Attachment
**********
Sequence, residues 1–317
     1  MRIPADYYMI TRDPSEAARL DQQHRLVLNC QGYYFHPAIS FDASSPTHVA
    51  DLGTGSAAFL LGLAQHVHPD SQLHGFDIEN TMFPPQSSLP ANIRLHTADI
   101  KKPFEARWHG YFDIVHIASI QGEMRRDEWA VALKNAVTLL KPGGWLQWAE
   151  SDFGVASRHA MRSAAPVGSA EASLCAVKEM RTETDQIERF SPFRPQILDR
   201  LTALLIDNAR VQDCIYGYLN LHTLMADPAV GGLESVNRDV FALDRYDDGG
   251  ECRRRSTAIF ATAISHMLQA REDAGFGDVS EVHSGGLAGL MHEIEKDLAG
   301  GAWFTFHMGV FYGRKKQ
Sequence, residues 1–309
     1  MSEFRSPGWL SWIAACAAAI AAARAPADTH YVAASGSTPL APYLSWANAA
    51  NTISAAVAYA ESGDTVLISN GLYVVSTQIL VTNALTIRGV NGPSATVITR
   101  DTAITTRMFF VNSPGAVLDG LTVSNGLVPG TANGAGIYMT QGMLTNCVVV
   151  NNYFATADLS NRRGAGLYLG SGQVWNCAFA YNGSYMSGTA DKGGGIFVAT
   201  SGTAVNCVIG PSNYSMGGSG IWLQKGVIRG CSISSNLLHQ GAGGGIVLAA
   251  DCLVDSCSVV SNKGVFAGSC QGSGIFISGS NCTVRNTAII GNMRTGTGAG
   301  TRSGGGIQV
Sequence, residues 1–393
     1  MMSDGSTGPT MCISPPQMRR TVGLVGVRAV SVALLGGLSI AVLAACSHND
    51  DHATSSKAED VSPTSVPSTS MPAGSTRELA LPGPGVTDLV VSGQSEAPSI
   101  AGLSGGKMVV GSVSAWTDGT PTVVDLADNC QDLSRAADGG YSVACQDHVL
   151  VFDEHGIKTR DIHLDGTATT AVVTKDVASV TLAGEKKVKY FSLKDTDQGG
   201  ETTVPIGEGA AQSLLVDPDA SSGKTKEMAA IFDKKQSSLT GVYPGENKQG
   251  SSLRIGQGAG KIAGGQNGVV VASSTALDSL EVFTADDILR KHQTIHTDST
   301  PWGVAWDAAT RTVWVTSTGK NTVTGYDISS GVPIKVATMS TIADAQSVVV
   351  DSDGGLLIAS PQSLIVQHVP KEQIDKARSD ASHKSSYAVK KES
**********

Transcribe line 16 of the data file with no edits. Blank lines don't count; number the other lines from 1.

   301  TRSGGGIQV